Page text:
--- Examine the original brake pads before you order new ones. They tend to last a long time. It is a good idea to disassemble the brake plate and clean & lube the cam's shaft and the bore it runs in while you are at it.
-De-rust and repaint the fuel tank": If it is particularly bad some have used electrolysis. You might also consider epoxy lining the tank to keep the rust from coming back (most here recommend the POR15 kit but follow the instructions EXACTLY).
  • "Figure out the wiring for and hook up the aftermarket gauge cluster the previous owner had bought, since the stock gauges (included!) are beyond repair - it doesn't seem to have any writing on it of any kind though, and no manual with it either...": Do you know the make & model of the instrument (if not, post a pic and someone may recognize it)?
  • "Suspension is still an unknown - it's working well enough that the bike sits correctly, but I have no idea if the fork oil /seals need to be replaced (probably) and haven't had a chance to inspect the rear shocks yet either": Fork seals aren't expensive. I'd take the opportunity to disassemble them, flush out all the old gunk and make them as good as possible. You might also consider adding preload spacers. BTW, Honda specifies ATF in the forks; Some will recommend a specific grade of proprietary fork oil but I use a 50:50 mix of engine oil and ATF, which allosws you to adjust the viscosity at a much lower cost.
  • "Replace the exhaust system - the H-box is rusted through to the point where it's missing a chunk": If you need mufflers you can usually get original Harley ones from most HD places cheap because so many people have them replaced with louder ones before they take delivery. There are replacements for the H box on the market but most of us use Murray's "Quick Build" mid pipes (available from forum member Murrayf).
  • "Reassemble everything, including figuring out the lights/cables/turn signals etc": The FSM will help with that. While you are in the Wiki get the colour wiring drawing for your model and the Honda Wire Color Codes chart too. And don't be afraid to ask questions.
Oh, and we like pictures so
202517
 

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Discussion Starter #4
To clarify, what I meant on the gearbox was reattach it to its spot on the engine housing. The previous owner removed and partially disassembled it so it needs to go back together and into place. I'll take a couple pictures when I get home of both that and of the aftermarket gauge.

Thank you for the great tips! I was eyeing Murray's aftermarket carb too (though I think it would be cheaper to rebuild). Thanks for the heads up on the metal parts and all the other information! I'll look into the electrolysis thing, the gas tank is pretty bad. The previous owner gave me a bottle of POR15, and luckily I have some 89W90 already (as well as oil and ATF) so that'll save a couple bucks.

Finally, here's a picture the previous owner sent me of the bike before he started tearing it down. Pretty rough!
202518
 

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Make sure the sharp edges of all steel plates face the same way.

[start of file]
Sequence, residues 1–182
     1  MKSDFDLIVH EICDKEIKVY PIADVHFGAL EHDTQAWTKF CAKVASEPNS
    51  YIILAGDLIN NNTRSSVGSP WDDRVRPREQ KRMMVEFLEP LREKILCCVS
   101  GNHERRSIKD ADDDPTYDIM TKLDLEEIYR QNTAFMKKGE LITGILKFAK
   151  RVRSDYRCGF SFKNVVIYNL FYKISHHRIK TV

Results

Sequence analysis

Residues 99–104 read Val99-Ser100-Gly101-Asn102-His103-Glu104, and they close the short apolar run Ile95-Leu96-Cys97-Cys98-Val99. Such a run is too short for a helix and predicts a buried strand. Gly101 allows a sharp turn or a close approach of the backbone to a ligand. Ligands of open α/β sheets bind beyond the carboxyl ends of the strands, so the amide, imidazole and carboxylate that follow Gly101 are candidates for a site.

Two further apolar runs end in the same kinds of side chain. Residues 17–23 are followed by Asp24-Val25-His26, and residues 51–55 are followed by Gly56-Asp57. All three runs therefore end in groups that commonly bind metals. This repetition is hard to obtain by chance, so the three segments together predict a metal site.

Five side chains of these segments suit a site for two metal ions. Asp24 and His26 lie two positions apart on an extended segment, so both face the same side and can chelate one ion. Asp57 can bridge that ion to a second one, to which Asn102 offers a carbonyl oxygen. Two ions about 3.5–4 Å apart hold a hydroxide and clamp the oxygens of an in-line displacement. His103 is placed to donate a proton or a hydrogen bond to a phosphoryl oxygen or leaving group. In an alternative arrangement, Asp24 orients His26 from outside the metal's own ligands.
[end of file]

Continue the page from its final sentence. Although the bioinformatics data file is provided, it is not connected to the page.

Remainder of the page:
You'll see what I mean if you inspect and feel the edges.

They are stamped, one side of the edge is sharp, the other rounded.
 

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Discussion Starter #7
Any ideas for getting a proper torque setting on the small bolts with the engine off the bike? I got them all to around 4 ft-lb before the transmission started rotating around.
 

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Discussion Starter #9
The whole front cover (and back cover) are off.
 

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If you're only torquing the 4 small bolts to 6 - 9 lb just stick a folded rag in the primary drive and let it wind in between the primary drive and clutch gear.

This is bad practice on higher torque bolts like the large special nut behind the lifter plate but 9 lb of torque will hurt nothing here..
 

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I hate to ask ..... but were you winding them all down sequentially moving from one to the other so they went down evenly without loading one more than the other?

I go about 1/3 a turn each. No science. it's one wrist rotation holding the ratchet.

Next question.

Have you broken the bolt - or the clutch post?

Another question.

What size drive on your torque wrench?
 

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There's a fix for that if you search it. It's basically putting a bolt through from the back I think.

Google is your best bet. Tack CX500 forum onto the end of your search term.

You'll now need to remove the clutch special nut and you'll need a better method of preventing rotation.
 

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Discussion Starter #15
Last plate is now dished in. That can't be right, can it? Luckily I have a spare of that at least...
Evenly dished all the way around. I think I need a new torque wrench.
202611
 

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Discussion Starter #18
I think my torque wrench must have failed in some way.
 

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There's a fix for that if you search it. It's basically putting a bolt through from the back I think.

Google is your best bet. Tack CX500 forum onto the end of your search term.

You'll now need to remove the clutch special nut and you'll need a better method of preventing rotation.
See post #16 here Weird clutch problem
 
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Discussion Starter #20
Thanks for your help guys. I was able to get some screws installed in the clutch back plate. I'm buying a new low range torque wrench on Monday.